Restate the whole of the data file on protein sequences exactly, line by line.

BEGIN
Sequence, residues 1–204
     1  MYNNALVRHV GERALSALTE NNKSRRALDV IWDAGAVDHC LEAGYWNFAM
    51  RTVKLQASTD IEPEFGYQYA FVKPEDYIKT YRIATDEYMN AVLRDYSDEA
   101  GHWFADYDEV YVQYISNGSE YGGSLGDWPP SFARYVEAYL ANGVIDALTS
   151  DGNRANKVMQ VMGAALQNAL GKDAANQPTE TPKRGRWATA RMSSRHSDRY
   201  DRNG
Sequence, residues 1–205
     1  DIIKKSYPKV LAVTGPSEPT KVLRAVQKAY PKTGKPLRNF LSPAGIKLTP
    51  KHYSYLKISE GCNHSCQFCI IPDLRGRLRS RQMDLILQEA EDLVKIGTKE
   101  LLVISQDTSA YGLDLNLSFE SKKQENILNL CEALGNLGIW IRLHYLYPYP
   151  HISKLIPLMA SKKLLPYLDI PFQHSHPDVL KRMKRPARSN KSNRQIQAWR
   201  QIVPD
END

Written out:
Sequence, residues 1–204
     1  MYNNALVRHV GERALSALTE NNKSRRALDV IWDAGAVDHC LEAGYWNFAM
    51  RTVKLQASTD IEPEFGYQYA FVKPEDYIKT YRIATDEYMN AVLRDYSDEA
   101  GHWFADYDEV YVQYISNGSE YGGSLGDWPP SFARYVEAYL ANGVIDALTS
   151  DGNRANKVMQ VMGAALQNAL GKDAANQPTE TPKRGRWATA RMSSRHSDRY
   201  DRNG
Sequence, residues 1–205
     1  DIIKKSYPKV LAVTGPSEPT KVLRAVQKAY PKTGKPLRNF LSPAGIKLTP
    51  KHYSYLKISE GCNHSCQFCI IPDLRGRLRS RQMDLILQEA EDLVKIGTKE
   101  LLVISQDTSA YGLDLNLSFE SKKQENILNL CEALGNLGIW IRLHYLYPYP
   151  HISKLIPLMA SKKLLPYLDI PFQHSHPDVL KRMKRPARSN KSNRQIQAWR
   201  QIVPD